Newspaper article The Florida Times Union

Jax Love Affair from Native to Newcomer

Newspaper article The Florida Times Union

Jax Love Affair from Native to Newcomer

Article excerpt

The Times-Union this year has been celebrating what people love about Jacksonville and Northeast Florida.

For many of us, coming to Jacksonville was almost by accident, transferred here by the military or moved here for business.

Many came here on a visit or dropped in while traveling down the East Coast.

Many lived here for a spell, left and then returned when they realized how much they missed the place.

But in so many cases, people came to love the area.

Here are more examples from members of our Email Interactive Group.

A JOB TRANSFER BECAME PERMANENT

In 1988, I was transferred to Jacksonville to manage a sales group covering Florida, Georgia and South Alabama. Thinking it was a temporary assignment, I assumed we would eventually move back to our native Texas.

After a few years, we fell in love with the area, the people, the weather and the location. I turned down promotion offers for North Carolina, California and even to move back to Texas for a big raise! Now, after 23 years, we continue our love affair with the wonderful beaches, an inviting church, great nearby attractions and the sharing spirit of Jacksonville.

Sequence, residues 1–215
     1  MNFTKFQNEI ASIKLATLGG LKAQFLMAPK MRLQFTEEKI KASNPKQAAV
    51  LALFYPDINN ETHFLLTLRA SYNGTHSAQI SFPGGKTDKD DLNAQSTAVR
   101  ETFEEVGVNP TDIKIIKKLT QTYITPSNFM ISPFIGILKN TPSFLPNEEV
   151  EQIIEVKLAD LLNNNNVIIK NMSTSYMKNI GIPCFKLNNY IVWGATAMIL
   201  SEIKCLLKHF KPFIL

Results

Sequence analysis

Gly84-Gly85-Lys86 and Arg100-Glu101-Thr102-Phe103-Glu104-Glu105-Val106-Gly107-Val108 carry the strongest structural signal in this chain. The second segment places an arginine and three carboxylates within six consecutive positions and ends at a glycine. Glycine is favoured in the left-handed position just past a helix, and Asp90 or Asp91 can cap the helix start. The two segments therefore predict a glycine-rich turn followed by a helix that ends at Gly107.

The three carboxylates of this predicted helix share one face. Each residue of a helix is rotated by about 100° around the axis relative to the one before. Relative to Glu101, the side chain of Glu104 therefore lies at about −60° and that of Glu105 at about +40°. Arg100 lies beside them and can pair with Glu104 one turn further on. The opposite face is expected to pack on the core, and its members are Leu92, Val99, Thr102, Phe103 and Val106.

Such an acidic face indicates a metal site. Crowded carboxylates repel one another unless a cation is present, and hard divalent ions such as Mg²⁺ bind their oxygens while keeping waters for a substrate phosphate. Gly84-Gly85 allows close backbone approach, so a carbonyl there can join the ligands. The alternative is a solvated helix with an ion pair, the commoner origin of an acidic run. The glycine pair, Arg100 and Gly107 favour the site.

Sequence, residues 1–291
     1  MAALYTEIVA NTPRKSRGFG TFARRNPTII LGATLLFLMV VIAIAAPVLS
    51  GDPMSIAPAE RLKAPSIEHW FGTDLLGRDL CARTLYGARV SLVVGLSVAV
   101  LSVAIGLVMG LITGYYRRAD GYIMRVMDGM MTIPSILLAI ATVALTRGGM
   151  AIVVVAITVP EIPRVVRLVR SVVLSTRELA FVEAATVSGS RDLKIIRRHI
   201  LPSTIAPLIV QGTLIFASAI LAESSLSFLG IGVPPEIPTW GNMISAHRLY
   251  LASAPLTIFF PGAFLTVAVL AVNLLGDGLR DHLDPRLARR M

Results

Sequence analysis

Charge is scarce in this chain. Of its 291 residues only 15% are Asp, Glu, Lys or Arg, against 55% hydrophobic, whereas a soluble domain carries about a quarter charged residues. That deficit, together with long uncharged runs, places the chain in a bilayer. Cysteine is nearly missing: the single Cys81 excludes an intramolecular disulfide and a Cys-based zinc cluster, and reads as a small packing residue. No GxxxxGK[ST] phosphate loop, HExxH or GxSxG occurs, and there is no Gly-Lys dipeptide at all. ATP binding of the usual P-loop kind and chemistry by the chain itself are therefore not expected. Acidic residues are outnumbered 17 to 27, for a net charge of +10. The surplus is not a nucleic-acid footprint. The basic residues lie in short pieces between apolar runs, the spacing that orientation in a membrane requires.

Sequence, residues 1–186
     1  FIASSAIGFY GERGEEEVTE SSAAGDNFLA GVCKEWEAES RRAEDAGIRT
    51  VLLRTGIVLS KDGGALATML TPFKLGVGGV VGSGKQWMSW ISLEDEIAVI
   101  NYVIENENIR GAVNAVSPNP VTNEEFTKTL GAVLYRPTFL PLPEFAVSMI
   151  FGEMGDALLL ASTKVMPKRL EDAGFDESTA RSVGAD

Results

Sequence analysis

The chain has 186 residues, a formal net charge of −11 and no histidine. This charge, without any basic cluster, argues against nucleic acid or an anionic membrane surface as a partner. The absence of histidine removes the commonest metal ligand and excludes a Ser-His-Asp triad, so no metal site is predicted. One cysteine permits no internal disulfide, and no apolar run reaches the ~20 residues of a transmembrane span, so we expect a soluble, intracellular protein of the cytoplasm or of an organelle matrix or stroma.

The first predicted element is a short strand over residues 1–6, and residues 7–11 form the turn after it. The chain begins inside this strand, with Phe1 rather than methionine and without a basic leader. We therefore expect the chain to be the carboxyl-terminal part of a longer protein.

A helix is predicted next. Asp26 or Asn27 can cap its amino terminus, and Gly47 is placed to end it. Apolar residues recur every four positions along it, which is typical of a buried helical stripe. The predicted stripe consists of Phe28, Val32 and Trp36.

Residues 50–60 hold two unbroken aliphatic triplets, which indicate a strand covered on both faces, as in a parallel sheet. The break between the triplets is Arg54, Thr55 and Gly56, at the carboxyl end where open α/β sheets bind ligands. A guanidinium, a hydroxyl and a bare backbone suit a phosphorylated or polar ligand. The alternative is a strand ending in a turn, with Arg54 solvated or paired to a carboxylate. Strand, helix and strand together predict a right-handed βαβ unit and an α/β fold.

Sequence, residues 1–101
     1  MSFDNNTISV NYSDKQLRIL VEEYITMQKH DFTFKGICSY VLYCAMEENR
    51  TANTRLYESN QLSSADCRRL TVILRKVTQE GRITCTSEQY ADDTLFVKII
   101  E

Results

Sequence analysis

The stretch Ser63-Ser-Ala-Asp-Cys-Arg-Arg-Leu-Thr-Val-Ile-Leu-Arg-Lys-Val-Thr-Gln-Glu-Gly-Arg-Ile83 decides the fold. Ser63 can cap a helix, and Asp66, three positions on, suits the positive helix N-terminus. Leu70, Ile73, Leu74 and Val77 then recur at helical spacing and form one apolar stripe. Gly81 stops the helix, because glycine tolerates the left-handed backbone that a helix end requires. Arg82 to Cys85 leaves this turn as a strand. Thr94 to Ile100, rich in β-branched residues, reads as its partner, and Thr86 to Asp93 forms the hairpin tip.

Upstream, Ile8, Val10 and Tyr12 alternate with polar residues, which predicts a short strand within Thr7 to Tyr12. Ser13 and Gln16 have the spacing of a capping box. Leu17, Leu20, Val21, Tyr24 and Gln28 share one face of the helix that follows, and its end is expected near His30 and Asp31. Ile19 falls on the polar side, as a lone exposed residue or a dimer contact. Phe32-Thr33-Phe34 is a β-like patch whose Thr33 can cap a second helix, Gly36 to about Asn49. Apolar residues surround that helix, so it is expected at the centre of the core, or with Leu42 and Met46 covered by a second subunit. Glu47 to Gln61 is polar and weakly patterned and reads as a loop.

I tell visitors to get used to uncrowded and beautiful beaches, a city where you can always get from point A to point B in 30 minutes or less, and people who are more prone to greet you with a hug than a handshake.

Sure, we have traffic problems, but they are predictable and manageable.

Unlike the Northeast, most drivers will let you merge in traffic or change lanes without trying to block you out like a NASCAR race (as in Atlanta).

Don Spencer, Jacksonville

A RARITY: A FLORIDA NATIVE

My mother's family first came to St. Augustine from Spain in the early 1600s, so this area truly is a part of my blood. I have always felt drawn to Northeast Florida each time I briefly lived somewhere else.

Were I a great Southern writer, I might be able to wax eloquently about some deeply spiritual, uncontrollable, almost supernatural connection to this land my people have called home for almost 400 years. But in reality, it isn't hard to see why I or even the newest resident love Northeast Florida.

You can see it when you see the St. Johns River, the Intracoastal Waterway, the Atlantic Ocean, the Talbot islands, Amelia Island and the beaches from Fort Clinch to Fort Matanzas.

It's the great patriotism you feel as a P3 roars overhead bound for NAS Jax or when Navy ships gleam in the sun and waters at Mayport. …

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